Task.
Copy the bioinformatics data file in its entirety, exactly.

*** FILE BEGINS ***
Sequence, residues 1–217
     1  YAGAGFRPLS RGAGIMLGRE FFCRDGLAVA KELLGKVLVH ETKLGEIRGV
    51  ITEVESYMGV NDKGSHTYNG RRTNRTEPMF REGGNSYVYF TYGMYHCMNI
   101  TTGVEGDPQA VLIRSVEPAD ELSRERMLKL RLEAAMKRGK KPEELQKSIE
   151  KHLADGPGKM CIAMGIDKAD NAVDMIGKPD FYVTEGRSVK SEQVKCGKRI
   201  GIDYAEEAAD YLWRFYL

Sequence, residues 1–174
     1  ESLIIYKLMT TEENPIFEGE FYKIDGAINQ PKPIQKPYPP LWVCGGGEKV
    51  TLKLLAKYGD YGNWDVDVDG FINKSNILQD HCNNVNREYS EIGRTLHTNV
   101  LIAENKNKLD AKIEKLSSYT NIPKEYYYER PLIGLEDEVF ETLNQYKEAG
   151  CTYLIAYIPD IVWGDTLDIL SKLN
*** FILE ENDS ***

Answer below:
Sequence, residues 1–217
     1  YAGAGFRPLS RGAGIMLGRE FFCRDGLAVA KELLGKVLVH ETKLGEIRGV
    51  ITEVESYMGV NDKGSHTYNG RRTNRTEPMF REGGNSYVYF TYGMYHCMNI
   101  TTGVEGDPQA VLIRSVEPAD ELSRERMLKL RLEAAMKRGK KPEELQKSIE
   151  KHLADGPGKM CIAMGIDKAD NAVDMIGKPD FYVTEGRSVK SEQVKCGKRI
   201  GIDYAEEAAD YLWRFYL

Sequence, residues 1–174
     1  ESLIIYKLMT TEENPIFEGE FYKIDGAINQ PKPIQKPYPP LWVCGGGEKV
    51  TLKLLAKYGD YGNWDVDVDG FINKSNILQD HCNNVNREYS EIGRTLHTNV
   101  LIAENKNKLD AKIEKLSSYT NIPKEYYYER PLIGLEDEVF ETLNQYKEAG
   151  CTYLIAYIPD IVWGDTLDIL SKLN